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Teacher Learning and Leadership for Student Learning and Education for Sustainability: Lessons from Ontario, Canada

Mon, April 15, 3:15 to 4:45pm, Hyatt Regency, Floor: Pacific Concourse (Level -1), Pacific C


Purpose and Perspectives
For decades, researchers have been writing about how to improve schools and teacher quality (e.g. Guskey & Huberman, 1995; McLaughlin & Talbert, 2006). Many have continued to concentrate on the idea that teachers and teaching are at the center of student learning, as well as prime participants in their own learning (Berry, 2013; Cochran, Smith & Lytle, 1993; Evers & Kneyber, 2016; Macdonald & Shirley, 2009). We propose that teachers’ learning and leadership requires enabling teachers to be leaders of educational change rather than solely the subjects or recipients of externally mandated reforms.

In this paper, we discuss Ontario’s Teacher Learning and Leadership Program (TLLP) – a joint government-union initiative with goals to advance teachers’ self-directed professional learning, teacher leadership, and knowledge exchange. The TLLP offers a powerful approach to teachers’ professional development that advances the concept and application of the combination of human, social and decisional capital to form “professional capital” (Hargreaves and Fullan, 2012) with positive benefits for teachers’ work and for students’ learning.

Methods and Data
The paper is based on a longitudinal mixed-methods study conducted over six years (Authors, 2013, 2014, 2015, 2016, 2017, 2018). The overarching research questions examined:
• What are the impacts of TLLP projects for teachers, other adults affected, and students?;
• How is learning being shared beyond the TLLP project team?; and
• What longer-term impacts of participating in TLLP projects can be identified?

The study involved eleven research methods, including analysis of the program-related documents, observations and evaluations of provincial events for TLLP participants, analysis of TLLP participant project reports, interviews and focus groups with key individuals involved in the TLLP, surveys of TLLP project leaders, case studies of selected projects, and analysis of TLLP online and social networking activity. We analyzed secondary data that had been collected for over ten years as well as gathered a original empirical data from various sources: TLLP participants, project leaders, TLLP provincial team members in the government and teachers’ federation, teachers, school and district administrators, students and community participants.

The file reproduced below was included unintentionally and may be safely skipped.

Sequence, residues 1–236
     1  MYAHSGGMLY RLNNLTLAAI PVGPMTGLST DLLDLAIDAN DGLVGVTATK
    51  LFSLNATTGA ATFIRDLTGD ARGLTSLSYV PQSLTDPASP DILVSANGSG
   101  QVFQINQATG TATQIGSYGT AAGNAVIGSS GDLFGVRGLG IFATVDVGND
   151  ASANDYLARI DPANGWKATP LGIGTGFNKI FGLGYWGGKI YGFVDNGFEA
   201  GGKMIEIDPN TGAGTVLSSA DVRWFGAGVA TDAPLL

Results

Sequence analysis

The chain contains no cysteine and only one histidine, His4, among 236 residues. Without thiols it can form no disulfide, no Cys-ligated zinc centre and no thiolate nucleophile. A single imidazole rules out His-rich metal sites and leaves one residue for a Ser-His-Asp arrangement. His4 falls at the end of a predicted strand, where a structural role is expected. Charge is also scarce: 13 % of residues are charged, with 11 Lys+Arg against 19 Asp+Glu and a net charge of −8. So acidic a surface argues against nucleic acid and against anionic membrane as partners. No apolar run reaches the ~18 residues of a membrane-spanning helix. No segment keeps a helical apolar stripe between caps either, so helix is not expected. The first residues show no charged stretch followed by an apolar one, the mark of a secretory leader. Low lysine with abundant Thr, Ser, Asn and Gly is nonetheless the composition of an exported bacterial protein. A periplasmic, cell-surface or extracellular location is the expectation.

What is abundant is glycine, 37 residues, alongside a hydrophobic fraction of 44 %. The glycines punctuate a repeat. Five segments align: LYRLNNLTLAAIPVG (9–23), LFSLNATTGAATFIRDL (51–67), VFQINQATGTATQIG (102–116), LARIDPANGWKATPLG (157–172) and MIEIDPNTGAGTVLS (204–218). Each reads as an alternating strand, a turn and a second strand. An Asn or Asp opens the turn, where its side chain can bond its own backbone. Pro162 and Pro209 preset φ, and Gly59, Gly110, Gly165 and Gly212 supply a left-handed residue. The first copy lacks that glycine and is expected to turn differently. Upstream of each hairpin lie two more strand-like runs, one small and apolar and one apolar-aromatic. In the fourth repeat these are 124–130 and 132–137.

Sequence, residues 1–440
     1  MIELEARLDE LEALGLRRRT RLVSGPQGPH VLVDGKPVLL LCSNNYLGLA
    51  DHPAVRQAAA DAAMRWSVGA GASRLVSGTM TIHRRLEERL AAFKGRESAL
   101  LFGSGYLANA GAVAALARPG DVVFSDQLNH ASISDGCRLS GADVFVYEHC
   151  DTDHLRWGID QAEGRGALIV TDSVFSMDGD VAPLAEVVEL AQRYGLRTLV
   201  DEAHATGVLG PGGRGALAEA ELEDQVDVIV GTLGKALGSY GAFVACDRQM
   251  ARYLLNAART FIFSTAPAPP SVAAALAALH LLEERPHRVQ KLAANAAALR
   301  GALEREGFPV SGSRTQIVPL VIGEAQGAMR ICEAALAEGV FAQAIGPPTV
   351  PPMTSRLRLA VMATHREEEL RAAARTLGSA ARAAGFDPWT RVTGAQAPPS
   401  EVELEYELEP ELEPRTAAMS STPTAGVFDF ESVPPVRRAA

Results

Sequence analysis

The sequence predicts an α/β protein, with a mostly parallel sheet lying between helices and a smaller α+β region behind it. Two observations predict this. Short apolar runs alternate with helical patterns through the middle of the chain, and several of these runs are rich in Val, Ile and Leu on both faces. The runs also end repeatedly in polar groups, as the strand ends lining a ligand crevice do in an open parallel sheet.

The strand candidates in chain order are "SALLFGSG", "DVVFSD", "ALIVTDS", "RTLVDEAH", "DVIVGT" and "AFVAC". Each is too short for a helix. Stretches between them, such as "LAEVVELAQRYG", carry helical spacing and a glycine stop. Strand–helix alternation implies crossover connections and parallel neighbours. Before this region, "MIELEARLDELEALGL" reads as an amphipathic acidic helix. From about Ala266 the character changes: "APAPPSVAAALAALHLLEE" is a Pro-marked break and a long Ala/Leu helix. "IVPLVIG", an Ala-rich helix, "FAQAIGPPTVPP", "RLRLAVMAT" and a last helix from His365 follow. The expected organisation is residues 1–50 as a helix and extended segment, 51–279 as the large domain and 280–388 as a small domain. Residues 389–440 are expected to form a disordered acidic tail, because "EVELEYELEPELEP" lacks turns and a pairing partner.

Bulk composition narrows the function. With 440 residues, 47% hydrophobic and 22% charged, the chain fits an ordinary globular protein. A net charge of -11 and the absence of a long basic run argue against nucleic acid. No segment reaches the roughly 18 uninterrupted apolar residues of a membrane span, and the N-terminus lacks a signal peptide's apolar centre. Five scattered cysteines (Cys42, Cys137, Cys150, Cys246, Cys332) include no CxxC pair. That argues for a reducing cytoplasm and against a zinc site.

Results and Importance
Over the years we have learned a great deal about what teachers learn, how they share their knowledge with their peers both inside and outside their schools and how their leadership skills and capacities develop when they are in charge of professional development of, by and for teachers. Several main themes emerge across the work of these teachers, revealing not only the strength of the TLLP specifically, but also the complex nature and wider lessons for professional development organized in this way.

The TLLP professional leaning and leadership experiences, our findings indicate, have significant benefits for TLLP participants’ professional growth as learners, educators, and leaders. The vast majority of the TLLP participants experience improvements in their knowledge and teaching practices. The majority of TLLP teacher leaders also report growth in their leadership confidence and improvements in their leadership skills (particularly in managing a project, problem-solving, organizing and facilitating adult learning and knowledge sharing, collaborating and sharing leadership). As their projects progress, TLLP participants become more confident in implementing new practices, sharing knowledge and practices, leading their own and others’ professional learning, leading a team, and being a teacher leader.

The impact of a TLLP project extends beyond the immediate TLLP team also. By sharing their new learning and experiences with other educators, TLLP participants not only share their knowledge with a wider network of educators, they also inspire educators to innovate and make changes in their practices. TLLP projects have a positive effect on students’ engagement, attitude, and learning experiences. Some TLLP projects help develop better connections with parents and local communities as well.

The vast majority of TLLP teacher leaders report sustaining implementation of practices, professional learning, collaboration, and sharing of resources beyond the initial funding of their TLLP project. The longer-term impact of TLLPs is enhanced also by the growth and influence of the TLLP alumni. A major longer-term impact of the TLLP is that the TLLP ‘way of doing things’ has influenced education policies, initiatives and professional learning in Ontario and is also being increasingly recognized internationally as a successful approach to teacher development.
Our findings are important for understanding the power of teachers leading their own and other teachers’ professional learning and sharing their knowledge and practices to support wider learning and improvement across education systems. These findings do not refute the role and importance of researchers, educators, and experts from the outside; however, in addition, the TLLP demonstrates the positive impact on teacher learning and leadership when professional learning starts with those who do the work of teaching and is embedded in the development of, with, and by teachers as the leaders of their own learning.